You know what they say, a glass of wine a day keeps the doctor away — so why not drink the best one out there? Host a wine tasting party for your friends and discover your favorite sip.


Let your fellow wine fanatics know about your tasting party by sending an Evite invitation, like the free “Swirl & Sip” invitation below or a premium “Time for Wine” invitation. Check out more designs in our Cocktail Party invitation gallery.

Evite Swirl & Sip Wine Night Invitation


A candle holder and bowl of grapes in the middle of the table is a classy move. But forgo the fragrant flowers (no stargazer lilies) and scented candles so you don’t throw off your taste buds.

Switch off overhead lights and turn on table lamps to keep the light level moderate but not glaring so guests can judge the color of the wine. For the same reason, cover your table with a white tablecloth. No tablecloth? Use an old white sheet or look for inexpensive white material at the fabric store. Just remember, whatever you use, it’s likely red wine will get on it, so it’s best not to use your great-grandmother’s heirloom tablecloth.

What if some Syrah does spontaneously splash out of someone’s glass? You don’t need to stress out during the party while you’re entertaining guests. Once the last guest has left, stretch the stained portion of the cloth over an empty pan in the sink, pour boiling water over it and watch the stain magically disappear. If that doesn’t do the trick, apply a mixture of half hydrogen peroxide and half dish-washing detergent to the stain, then wash.


Skip the perfume or cologne so the scent doesn’t interfere with your own or your nearby guests’ sense of taste, and save the baseball caps for the backyard barbecue and beer bash. Wine-tasting is a grown-up, refined activity, so make like a refined grown-up and wear slacks or a skirt, a sweater or dressy shirt and a pair of shoes that are neither sneakers nor flip-flops.


To prevent any preconceived notions produced by fancy labels, put your bottles in small brown paper bags, then secure with a rubber band at the neck and number them in big black marker on the front. You can also roll bottles in foil and then number them, though the truly astute taster could make an educated guess about a wine’s varietal or region from the bottle’s shape (for example, Bordeaux and zinfandel are usually found in high-shouldered bottles, while chardonnay and pinot noir are traditionally sold in sloping-shouldered bottles).

To start the tasting, tell guests to fill their glasses about a quarter full (a couple of ounces) with the first wine. Meanwhile, hand out copies of information on what to look for while tasting (you can find guides online) as well as pen and paper so people can rate the wine and write down comments as they go. You could even ask guests to guess the type and origin of each wine and its price. At the end of the tasting, unveil each wine’s secret identity and price and ask everyone for their overall ratings on each one so you can announce the winning wine.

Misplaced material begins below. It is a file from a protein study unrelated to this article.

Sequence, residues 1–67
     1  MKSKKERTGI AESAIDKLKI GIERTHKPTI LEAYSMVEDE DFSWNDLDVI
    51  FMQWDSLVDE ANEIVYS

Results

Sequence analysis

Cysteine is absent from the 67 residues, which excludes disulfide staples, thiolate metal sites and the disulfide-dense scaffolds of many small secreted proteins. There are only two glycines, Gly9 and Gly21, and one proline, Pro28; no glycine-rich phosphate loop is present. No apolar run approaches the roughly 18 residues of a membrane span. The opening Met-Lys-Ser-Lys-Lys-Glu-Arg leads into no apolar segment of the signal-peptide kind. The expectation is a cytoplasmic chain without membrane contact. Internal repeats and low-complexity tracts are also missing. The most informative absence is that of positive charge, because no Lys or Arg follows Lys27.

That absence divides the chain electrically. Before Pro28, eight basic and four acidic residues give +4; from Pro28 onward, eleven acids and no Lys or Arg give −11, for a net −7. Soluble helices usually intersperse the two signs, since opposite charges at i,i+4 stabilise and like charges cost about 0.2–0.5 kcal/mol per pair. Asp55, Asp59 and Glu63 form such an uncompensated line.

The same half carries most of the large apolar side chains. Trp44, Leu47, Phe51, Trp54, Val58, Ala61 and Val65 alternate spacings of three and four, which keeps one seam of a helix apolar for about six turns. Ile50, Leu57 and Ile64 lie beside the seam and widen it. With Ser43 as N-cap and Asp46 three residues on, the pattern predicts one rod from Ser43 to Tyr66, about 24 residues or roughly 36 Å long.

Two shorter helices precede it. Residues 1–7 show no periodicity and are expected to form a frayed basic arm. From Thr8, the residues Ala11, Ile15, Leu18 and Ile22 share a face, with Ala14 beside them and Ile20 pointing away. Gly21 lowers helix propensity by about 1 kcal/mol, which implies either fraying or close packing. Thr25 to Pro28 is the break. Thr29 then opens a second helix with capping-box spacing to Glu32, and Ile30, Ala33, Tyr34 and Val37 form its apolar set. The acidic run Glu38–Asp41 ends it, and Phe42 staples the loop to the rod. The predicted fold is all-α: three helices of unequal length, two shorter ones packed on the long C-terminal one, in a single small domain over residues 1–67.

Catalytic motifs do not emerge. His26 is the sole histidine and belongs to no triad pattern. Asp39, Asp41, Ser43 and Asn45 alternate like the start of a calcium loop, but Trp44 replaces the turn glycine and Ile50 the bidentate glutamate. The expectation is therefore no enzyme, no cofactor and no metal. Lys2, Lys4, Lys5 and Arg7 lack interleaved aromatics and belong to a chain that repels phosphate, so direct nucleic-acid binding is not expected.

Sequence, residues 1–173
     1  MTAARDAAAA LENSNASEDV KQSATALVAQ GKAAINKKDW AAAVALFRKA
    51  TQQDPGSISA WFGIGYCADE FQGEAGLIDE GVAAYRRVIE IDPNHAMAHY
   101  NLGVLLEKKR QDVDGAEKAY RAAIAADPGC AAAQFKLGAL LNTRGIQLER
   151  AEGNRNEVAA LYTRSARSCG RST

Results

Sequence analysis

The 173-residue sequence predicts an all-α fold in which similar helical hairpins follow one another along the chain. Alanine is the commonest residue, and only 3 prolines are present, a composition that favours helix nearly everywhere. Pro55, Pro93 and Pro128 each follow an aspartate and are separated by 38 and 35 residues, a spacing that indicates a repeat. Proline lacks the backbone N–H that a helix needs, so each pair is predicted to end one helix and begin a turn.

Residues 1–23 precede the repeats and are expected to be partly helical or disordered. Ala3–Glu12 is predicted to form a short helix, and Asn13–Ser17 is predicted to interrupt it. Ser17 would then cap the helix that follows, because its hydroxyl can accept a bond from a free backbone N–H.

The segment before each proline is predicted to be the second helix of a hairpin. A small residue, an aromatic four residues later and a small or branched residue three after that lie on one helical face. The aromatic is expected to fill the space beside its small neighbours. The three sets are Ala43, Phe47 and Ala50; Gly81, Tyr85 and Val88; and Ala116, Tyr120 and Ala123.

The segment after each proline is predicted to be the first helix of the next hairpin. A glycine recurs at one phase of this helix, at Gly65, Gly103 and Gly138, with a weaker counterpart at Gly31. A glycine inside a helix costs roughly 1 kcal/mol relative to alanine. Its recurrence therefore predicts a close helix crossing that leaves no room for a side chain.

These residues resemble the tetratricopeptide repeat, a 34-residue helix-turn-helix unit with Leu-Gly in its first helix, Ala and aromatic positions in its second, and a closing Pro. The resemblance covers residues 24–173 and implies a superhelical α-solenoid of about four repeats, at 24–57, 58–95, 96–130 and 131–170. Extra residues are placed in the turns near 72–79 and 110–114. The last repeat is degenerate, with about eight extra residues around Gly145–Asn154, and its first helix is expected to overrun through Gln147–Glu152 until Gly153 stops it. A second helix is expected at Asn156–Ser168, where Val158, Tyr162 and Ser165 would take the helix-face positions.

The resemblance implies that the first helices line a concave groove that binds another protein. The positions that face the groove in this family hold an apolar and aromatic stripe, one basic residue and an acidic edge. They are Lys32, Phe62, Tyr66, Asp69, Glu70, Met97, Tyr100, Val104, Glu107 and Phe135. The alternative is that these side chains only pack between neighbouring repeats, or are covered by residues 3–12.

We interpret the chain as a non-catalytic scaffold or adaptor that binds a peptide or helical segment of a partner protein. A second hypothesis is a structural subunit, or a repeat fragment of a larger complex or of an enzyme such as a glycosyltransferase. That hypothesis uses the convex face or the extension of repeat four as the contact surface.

Extra credit: Put wine into terms that are easier for your guests to grasp. Help them learn to identify specific aromas — it’ll make them a better taster and the wine more enjoyable. Or set out a jellybean bar featuring the flavors of the wines you’re tasting so everyone has a better understanding of what “buttery” or “fruity” or “spicy” really means.


For a real-deal wine tasting, keep the food simple and bland — offer baguette slices, oyster crackers or table water crackers for guests to munch on and cleanse their palates between wines so you really taste each one. After the tasting portion of the evening, serve more substantial appetizers or dinner, enjoying the wine of your choice from the tasting with the meal.

If you’re not too serious about the whole tasting thing, you can make it more of a wine-and-cheese affair by setting out a selection of fromages and heartier hors d’oeuvres like bruschetta, prosciutto, olives and nuts.


Rather than picking wines willy-nilly, go with a theme. Novice tasters might choose a theme as loose as “red wines,” since differences in flavors will be more noticeable in different varietals from different regions. More advanced tasters may want to get more specific, like wines made from the same grape but from different countries. If you let them know the theme, you can even ask guests to each bring a bottle and award the guest who brings the tasting’s most popular wine a prize (a nice bottle of bubbly, perhaps). Check out our wine guide for an introduction to different types of wine.

Ideally, guests should have one glass for each wine they’ll be tasting, but you can get away with reusing the same glass per person if you have guests rinse their glasses between wines. You should also provide a separate glass for each guest for water. Don’t have enough glasses? Rent them from a party supply company (usually less than $1 a glass) or ask guests to bring their own and mark them with wine glass tags or charms.

Stick to six to eight wines — any more and you’ll lose your ability to differentiate between them. Put out an empty ice bucket so if guests don’t like a particular wine, they can dump the rest of their glass. Put your bucket on a tray to minimize stray splash stains.

Finally, download a ride-sharing service like Uber on your phone or have the number for a local cab company on hand for those who aren’t sure they tasted the cabernet right the first five times.